However, the making of these beautiful utensils is a cumbersome job. In Kashmir the coppersmiths (Thanthur) have been into trade from decades who earn their livelihood through this art.
The process of making a copper or brassware goes through many artisans as initially a coppersmith beats the raw metal into soft objects and while he finishes his work the further process of the making of copper utensils and showpieces, then goes to a calligraphic artist (Naaqash) who carve the pattern and designs of that copper object.
Mohammad Yousuf Kakroo, a coppersmith of Kawdara area in old city Srinagar said that his whole family including his two sons are associated with this art.
He said, “One of my sons Khurshid Ahmad has completed his masters’ degree in Mathematics and is working in my copperware workstation as a hammer man.”
60 year old Kakroosaid, “I am President of the Coppersmiths association and from the last 42 years I have seen many ups and downs in this trade. But from past few years this art seems to be at the verge of extinction only because of the adoption of the machinery to manufacture copper utensils.”
The demand for copper and brass articles have decreased as people prefer to buy machine-made copper utensils which they are getting at a low price but are unaware of its strength and duration, he added.
Like any other place, Kashmir too adapted to new technologies and trends from time to time.Designing copper utensils by machineshave rendered thousands of artisans, who used to do handmade designing on copperware, jobless.
Kashmir's copperware is declining due to machine made items which is not only damaging the traditional craft of Kashmir but also snatching the livelihood from number of artisans.
Manzoor Ahmad Baba, a coppersmith, hailing from downtown area of Srinagar, said, “The reason this art is coming to an end is due to the lack of craftsman and skills. The new generation is least interested as it is laborious and requires a lot of patience.”
“The uniqueness of each piece created by the hands of an artisan are the things that cannot be replicated by any machine, but people are preferring machine made copper due to the low rates,” he added.
Kashmiri coppersmiths were known for producing excellent items of copperware consisting mostly of cooking utensils and samovars for the household. With the advent of machines, the traditional copperware of Kashmir is losing its name.
Dozens of copperware traders at downtown’s Zainakadal area of Srinagar said that many of the copper traders have closed their business after some businessmen started selling machine made products.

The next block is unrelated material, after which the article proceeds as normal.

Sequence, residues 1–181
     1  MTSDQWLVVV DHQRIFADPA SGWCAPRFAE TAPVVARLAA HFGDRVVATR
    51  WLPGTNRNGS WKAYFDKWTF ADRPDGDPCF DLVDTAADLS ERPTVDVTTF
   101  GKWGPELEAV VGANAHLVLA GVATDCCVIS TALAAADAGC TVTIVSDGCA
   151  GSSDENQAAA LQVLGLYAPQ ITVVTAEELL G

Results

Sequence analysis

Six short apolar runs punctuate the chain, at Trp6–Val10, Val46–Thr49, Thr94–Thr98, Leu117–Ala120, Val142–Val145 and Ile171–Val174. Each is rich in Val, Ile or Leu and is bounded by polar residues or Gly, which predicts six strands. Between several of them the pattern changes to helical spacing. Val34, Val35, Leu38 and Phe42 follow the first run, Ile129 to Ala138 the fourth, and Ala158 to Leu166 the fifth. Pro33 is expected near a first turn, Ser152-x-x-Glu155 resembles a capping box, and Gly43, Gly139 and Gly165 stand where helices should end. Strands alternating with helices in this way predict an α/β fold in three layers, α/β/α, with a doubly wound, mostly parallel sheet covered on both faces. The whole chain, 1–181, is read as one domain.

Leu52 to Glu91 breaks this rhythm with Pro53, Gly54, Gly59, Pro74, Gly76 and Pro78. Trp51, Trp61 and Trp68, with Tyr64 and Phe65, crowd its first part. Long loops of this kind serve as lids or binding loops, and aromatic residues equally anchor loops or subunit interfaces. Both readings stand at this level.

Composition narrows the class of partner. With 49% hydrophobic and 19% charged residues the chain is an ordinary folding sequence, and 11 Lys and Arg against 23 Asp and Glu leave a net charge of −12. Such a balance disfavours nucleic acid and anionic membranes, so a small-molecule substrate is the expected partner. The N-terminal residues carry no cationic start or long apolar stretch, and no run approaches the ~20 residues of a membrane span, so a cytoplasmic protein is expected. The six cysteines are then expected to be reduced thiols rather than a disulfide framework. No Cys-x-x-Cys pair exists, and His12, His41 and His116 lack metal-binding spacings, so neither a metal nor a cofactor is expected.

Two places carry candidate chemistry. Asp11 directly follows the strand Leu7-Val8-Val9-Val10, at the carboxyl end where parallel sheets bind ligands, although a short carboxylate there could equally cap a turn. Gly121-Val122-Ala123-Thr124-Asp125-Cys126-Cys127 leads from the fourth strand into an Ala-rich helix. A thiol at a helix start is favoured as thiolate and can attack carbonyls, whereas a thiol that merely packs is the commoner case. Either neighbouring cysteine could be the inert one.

In order to tackle the machine rendered copper utensils, Mehraj U-Din Mir, a coppersmith strikes hard raw copper to enamel and furnishes fine crafts of copper things like utensils and other showpieces.
Hailing from Rajori Kadal in Srinagar, Mir, said that he adopted the copper art from his ancestors and has been in this profession for the last 32 years.
Mir added, “My father and grandfather were also working as coppersmiths and my father had trained me to make new patterns and designs of the art.”
He further said that machine made copper utensils had left thousands of technical hand artists jobless and the art at the verge of the extinction. “The customers get the machine made utensils at a low price but they are not able and aware to differentiate the strength of handmade and machinery copper products,” he added.
65yearold Mir who owns more than 15 coppersmith workstations at many places in old city said, “In my workstations more than one dozen coppersmith artists are working.”
The trade and craftsman are mostly confined to old city areas.The main copperware business is setup in Srinagar’s downtown area with its markets at Zainakadal, Rajori Kadal, Nowhatta, Sarafkadal, and along Nallahmar stretch.
The uniqueness of this metal is that it is soft and it’s good heating properties make it best suited for all kitchen cookware.
Another coppersmith, Javaid Ahmad Shah, 45, a resident of Rajorikadal said that he has been in this profession since childhood and is specialised in making traditional Kashmiri samovars. “Even though the machines have replaced the artisans but they are incapable of replicating the charm of handmade copperware,” he said.
He further said, “I am deeply worried if this traditional craft will last in Kashmir as it is struggling due to emergence of machine-made copper items.”
Recently, the Kashmiri copper workers Trade Union demanded a ban on machine made copper items and pressed for action against those who are making copper utensils on machines , which they described defaming the centuries old copper handicraft art.
They urged the authorities to look into the gross violation of the copper act 2016 and also requested the police to take action against those who are involved in its manufacture and trade.